Determinants of environmental tobacco smoke in a population of Puerto Rican children.Nicotine Tob Res. 2001 Feb; 3(1):61-70.NT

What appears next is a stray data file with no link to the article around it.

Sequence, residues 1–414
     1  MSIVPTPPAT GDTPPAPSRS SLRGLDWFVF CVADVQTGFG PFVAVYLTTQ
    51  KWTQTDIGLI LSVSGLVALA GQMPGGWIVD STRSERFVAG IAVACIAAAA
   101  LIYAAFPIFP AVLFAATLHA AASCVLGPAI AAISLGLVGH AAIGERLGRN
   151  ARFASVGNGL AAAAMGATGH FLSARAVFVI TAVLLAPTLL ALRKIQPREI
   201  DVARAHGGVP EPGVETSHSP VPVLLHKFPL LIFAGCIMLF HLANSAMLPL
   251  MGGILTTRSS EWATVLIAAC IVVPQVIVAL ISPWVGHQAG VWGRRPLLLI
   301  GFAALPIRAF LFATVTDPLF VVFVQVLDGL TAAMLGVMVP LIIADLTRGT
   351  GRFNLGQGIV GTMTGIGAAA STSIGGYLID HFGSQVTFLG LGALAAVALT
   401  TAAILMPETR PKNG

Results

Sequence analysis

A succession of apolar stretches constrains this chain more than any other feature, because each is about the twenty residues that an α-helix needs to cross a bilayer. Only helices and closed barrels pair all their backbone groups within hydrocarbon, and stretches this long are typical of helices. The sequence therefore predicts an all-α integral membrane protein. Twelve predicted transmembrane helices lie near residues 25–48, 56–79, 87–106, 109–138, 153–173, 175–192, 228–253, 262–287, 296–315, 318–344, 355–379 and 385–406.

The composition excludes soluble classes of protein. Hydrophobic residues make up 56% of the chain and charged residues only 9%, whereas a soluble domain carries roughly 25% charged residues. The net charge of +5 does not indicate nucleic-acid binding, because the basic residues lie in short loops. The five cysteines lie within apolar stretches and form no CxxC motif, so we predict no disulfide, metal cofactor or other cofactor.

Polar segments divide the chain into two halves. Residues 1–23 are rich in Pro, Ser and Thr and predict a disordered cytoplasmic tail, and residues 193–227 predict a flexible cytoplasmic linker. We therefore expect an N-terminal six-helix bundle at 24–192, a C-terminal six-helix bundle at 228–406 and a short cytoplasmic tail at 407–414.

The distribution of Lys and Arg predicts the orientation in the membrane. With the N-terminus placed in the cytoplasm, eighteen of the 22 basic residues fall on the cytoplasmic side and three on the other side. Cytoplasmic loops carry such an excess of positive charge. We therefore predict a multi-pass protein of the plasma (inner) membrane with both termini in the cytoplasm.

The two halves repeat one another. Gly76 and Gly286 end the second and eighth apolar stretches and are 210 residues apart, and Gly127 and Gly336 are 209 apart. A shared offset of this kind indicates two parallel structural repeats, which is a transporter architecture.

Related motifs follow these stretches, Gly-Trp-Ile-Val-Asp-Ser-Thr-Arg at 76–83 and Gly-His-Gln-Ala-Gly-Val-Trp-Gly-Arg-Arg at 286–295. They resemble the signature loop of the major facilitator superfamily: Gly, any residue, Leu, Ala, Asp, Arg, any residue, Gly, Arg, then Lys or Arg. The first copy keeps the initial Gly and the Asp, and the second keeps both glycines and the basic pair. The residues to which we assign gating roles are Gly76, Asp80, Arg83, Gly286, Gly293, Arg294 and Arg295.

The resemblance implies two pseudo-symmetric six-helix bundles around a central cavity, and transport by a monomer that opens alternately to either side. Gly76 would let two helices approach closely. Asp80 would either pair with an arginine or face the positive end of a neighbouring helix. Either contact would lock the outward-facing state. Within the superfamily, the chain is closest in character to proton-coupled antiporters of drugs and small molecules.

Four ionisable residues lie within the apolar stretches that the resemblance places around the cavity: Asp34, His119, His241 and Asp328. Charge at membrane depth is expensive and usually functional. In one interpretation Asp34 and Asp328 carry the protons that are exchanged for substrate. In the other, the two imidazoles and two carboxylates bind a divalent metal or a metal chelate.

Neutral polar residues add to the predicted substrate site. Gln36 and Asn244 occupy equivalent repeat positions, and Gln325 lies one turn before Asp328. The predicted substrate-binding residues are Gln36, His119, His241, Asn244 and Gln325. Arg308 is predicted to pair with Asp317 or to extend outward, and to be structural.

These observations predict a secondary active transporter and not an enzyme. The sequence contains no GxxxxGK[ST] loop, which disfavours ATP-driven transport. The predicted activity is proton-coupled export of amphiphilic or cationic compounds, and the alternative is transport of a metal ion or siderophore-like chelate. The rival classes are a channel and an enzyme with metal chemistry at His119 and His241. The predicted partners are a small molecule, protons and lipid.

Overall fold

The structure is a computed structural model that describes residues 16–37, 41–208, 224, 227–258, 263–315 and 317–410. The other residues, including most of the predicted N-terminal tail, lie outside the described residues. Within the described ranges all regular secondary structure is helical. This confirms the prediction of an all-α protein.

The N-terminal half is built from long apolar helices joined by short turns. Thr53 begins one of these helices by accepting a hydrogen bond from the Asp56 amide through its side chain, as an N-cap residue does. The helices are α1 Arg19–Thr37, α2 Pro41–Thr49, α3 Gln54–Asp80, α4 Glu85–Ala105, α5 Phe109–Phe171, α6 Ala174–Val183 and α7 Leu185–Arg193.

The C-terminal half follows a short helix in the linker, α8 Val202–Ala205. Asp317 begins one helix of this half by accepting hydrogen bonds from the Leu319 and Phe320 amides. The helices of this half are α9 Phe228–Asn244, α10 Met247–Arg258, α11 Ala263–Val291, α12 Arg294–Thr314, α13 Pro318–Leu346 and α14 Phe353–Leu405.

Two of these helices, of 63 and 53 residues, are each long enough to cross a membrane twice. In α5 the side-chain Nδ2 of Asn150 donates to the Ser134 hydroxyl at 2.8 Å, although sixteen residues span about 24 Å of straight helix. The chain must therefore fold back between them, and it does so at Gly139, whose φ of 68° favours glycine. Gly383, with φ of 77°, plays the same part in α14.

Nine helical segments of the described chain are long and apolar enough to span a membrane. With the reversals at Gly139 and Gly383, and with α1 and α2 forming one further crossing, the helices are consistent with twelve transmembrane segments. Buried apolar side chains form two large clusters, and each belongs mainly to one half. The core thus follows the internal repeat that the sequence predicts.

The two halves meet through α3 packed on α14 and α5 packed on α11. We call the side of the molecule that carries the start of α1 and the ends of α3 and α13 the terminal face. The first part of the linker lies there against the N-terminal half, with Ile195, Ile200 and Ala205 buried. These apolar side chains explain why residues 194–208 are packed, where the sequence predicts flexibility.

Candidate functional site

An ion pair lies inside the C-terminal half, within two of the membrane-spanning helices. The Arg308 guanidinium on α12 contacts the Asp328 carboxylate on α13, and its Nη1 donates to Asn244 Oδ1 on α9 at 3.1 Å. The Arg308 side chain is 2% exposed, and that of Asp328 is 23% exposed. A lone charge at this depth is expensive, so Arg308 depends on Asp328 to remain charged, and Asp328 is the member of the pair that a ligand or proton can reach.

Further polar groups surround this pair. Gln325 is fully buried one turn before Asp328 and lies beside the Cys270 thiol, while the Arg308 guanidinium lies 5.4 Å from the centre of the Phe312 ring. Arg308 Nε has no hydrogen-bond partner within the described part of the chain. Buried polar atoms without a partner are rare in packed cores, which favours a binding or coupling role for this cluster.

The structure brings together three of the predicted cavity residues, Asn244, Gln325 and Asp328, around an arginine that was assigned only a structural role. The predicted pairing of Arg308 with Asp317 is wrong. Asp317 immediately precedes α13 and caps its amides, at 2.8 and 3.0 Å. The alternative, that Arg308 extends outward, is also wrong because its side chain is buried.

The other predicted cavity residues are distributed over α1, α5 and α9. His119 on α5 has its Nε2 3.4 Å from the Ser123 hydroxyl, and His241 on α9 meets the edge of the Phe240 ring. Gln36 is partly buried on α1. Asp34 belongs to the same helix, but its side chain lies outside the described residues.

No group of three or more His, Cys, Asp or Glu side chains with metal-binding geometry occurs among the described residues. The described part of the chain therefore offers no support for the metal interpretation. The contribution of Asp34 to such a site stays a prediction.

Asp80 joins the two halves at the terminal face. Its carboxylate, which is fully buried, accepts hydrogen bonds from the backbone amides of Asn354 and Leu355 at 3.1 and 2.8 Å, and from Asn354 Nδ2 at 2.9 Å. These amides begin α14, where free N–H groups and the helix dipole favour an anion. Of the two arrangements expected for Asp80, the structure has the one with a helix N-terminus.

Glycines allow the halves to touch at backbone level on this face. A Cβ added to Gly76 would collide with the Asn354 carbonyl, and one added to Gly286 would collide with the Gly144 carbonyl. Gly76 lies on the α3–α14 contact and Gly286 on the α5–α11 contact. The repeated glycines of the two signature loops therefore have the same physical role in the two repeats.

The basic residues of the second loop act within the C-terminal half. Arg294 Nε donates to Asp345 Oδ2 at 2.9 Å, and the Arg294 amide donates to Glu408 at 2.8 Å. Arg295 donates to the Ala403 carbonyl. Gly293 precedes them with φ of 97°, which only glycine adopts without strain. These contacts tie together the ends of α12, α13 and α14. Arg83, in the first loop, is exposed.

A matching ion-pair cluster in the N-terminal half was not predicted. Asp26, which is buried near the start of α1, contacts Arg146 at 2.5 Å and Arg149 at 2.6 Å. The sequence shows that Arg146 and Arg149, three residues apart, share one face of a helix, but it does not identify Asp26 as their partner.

This study was designed to determine among various personal, socioeconomic, and environmental factors those which had the greatest influence on exposure to environmental tobacco smoke (ETS) in a population of children residing in a tropical environment and to compare these results with those obtained in the literature of tobacco exposed children in temperate climates. Urine specimens were collected from 606 healthy Puerto Rican children (2-12 years) living in an industrial area and analyzed for cotinine, a quantitative biomarker for exposure to ETS. Parents completed a questionnaire covering smoking habits and socioeconomic information. Seventy per cent of the children were reported to be exposed to ETS, 50% resulting from exposure to smoke from either or both parents. Major determinants to ETS exposure were found to be presence of smoker, number of smokers, identity of smoker, number of cigarettes smoked in the household and child age with the youngest children suffering twice the exposure of older children. Non-determinants were exposure to smoke other than from the parent, sex of the child, season of the year and several socioeconomic factors including civil and employment status of the mother, mother's age and educational background and whether food stamps were being received. Results of a multiple regression analysis showed that our predictors accounted for 40% of cotinine appearing in the urine. Reasons for this relatively low value may be due in part to precision of our analytic method and lower levels of ambient smoke in our population vs. others that reported higher R(2) values. Predictions from questionnaire information for high ETS exposure were not always the same as those indicated by urinary cotinine emphasizing that the bioindicator, which indicates the actual inhalation of ETS, is a better predictor of exposure than responses from a questionnaire.